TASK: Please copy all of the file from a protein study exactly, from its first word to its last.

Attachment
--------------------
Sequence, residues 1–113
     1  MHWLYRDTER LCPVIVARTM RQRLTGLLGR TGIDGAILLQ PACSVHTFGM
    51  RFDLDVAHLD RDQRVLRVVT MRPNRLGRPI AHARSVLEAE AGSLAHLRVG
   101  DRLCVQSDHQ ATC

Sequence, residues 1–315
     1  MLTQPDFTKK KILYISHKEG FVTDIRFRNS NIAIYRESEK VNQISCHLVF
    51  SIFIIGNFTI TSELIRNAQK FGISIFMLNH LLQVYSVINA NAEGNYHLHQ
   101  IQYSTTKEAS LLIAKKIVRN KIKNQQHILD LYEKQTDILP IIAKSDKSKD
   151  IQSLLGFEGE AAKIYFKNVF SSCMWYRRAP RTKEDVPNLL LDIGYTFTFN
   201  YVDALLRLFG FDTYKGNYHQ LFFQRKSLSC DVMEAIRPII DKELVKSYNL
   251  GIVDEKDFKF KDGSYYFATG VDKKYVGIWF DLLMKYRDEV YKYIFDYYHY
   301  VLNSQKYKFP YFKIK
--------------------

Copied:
Sequence, residues 1–113
     1  MHWLYRDTER LCPVIVARTM RQRLTGLLGR TGIDGAILLQ PACSVHTFGM
    51  RFDLDVAHLD RDQRVLRVVT MRPNRLGRPI AHARSVLEAE AGSLAHLRVG
   101  DRLCVQSDHQ ATC

Sequence, residues 1–315
     1  MLTQPDFTKK KILYISHKEG FVTDIRFRNS NIAIYRESEK VNQISCHLVF
    51  SIFIIGNFTI TSELIRNAQK FGISIFMLNH LLQVYSVINA NAEGNYHLHQ
   101  IQYSTTKEAS LLIAKKIVRN KIKNQQHILD LYEKQTDILP IIAKSDKSKD
   151  IQSLLGFEGE AAKIYFKNVF SSCMWYRRAP RTKEDVPNLL LDIGYTFTFN
   201  YVDALLRLFG FDTYKGNYHQ LFFQRKSLSC DVMEAIRPII DKELVKSYNL
   251  GIVDEKDFKF KDGSYYFATG VDKKYVGIWF DLLMKYRDEV YKYIFDYYHY
   301  VLNSQKYKFP YFKIK